"There's a couple guys who want to race me," he smiled. "I'm going to give them their race in due time. I feel faster [than before the injury]. The rehabbing stuff and just feeling confident in my speed and making sure it feels good, I feel a lot stronger. I feel like I've got an extra gear, just waiting to come out. It's been a while since I put on a helmet and pads, but it's definitely a good feeling. It's been a while: a year and a half."
"That's a challenge through camp, to get seven tailbacks reps. We're going to bring the young guys along a little bit slow, and you don't want to overwhelm them," Tedford said. "Running back is a position that is very cerebral, with running the football, pass protection, routes, you name it, there's a lot of stuff there for them. You don't want to put them in there and discourage them."
DeBoskie-Johnson ran primarily with the second string, and looked to have lost a bit of the extra weight he was carrying during the spring.
"I think he weighed in at 211, or something like that," Tedford said. "He should be able to perform better, given that his weight's down. He was a little heavy in the spring. I think that put a lot of stress on his knees and ankles and things, so he looks better now."
Bigelow was singled out by Tedford multiple times in the offseason as one of the newcomers who could see early playing time because of his explosiveness and big-play potential, but the always-jovial Bigelow feels no pressure.
"There are a lot of areas that I need to work on, but I do feel like I'll be ready when the season starts," Bigelow said. "I think I could play. I think so. I just want to contribute to the team and help them out.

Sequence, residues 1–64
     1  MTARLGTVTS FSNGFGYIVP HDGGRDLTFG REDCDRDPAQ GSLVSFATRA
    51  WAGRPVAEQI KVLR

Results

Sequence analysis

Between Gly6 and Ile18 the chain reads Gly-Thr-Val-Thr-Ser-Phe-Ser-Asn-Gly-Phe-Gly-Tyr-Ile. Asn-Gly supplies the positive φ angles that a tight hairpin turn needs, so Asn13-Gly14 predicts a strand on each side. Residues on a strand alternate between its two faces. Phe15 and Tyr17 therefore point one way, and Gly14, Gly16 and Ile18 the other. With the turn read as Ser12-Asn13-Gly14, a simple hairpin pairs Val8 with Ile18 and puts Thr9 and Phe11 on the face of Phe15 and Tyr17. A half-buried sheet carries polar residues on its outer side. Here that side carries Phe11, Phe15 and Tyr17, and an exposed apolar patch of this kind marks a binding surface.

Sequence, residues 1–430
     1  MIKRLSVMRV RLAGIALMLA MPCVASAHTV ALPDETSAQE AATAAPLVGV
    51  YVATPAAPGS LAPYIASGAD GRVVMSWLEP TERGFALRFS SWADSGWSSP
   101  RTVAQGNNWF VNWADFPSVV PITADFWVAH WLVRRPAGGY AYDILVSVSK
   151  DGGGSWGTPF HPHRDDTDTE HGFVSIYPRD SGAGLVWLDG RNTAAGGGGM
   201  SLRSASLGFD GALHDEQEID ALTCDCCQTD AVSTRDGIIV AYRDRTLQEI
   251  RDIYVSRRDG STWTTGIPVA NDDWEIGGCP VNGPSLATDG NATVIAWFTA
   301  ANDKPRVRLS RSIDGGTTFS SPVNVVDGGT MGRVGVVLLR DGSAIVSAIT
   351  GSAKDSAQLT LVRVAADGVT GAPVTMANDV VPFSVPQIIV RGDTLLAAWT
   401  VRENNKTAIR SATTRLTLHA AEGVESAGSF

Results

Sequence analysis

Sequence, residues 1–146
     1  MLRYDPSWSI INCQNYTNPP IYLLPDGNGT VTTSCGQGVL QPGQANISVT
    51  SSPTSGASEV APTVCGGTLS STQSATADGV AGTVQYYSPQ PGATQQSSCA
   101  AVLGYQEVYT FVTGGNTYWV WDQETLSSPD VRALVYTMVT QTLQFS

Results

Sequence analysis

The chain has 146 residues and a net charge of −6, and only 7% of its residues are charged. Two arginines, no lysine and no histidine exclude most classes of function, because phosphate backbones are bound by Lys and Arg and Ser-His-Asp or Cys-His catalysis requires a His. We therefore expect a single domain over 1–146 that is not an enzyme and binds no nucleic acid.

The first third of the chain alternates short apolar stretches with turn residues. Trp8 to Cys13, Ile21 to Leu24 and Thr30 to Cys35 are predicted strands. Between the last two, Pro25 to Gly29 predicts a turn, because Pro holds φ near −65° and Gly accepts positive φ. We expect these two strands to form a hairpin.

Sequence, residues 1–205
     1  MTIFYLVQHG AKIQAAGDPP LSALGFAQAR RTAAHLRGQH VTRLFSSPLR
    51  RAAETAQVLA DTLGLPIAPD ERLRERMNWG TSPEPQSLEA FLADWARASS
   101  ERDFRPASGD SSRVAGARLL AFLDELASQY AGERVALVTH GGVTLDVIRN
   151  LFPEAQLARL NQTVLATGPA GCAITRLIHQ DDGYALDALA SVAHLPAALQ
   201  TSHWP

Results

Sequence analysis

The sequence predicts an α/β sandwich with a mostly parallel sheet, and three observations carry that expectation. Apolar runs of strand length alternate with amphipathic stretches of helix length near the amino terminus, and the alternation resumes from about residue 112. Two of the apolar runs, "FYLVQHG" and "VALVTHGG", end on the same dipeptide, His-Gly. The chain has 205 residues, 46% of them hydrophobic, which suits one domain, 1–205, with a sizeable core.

"Coach [Ron] Gould is a great coach. The best. I'm just learning a whole lot and as time goes, I'm hoping I can learn a whole lot from him."
-- The starting offensive line took a bit of a hit on Saturday, as left tackle Mitchell Schwartz was sidelined with a bit of a hamstring issue.
"He's just got a little bit of a twinge in his hamstrong, so we're just making sure that calms down," Tedford said.
-- At tight end, junior Spencer Ladner was still on the shelf, though he was walking around without crutches or a brace on his surgically-repaired knee. Tedford said he will be out for about another week.
In his place, newly-converted wide receiver Spencer Hagan ran with the twos at tight end, and with an additional 25 pounds of muscle on his frame, acquitted himself quite well.
"Coach B has changed the whole atmosphere of our team," Hagan said. "In the weight room and in conditioning, he's really pushed me along with the strength coaches he has brought on. They've really pushed me, and put me in a position to be explosive without being tired."
The biggest difference for Hagan from his previous position has been the blocking aspect of his new slot, something he's taken to with great aplomb.
"You have to know more of the game," Hagan said. "You don't just have to know the passing game; you have to know all the running schemes, all the run-block schemes, and that's a whole new area that I wasn't aware of. We would block as receivers, but to actually understand what the line is doing up front, it's a different world, and coach [Jeff] Genyk has really helped me understand that."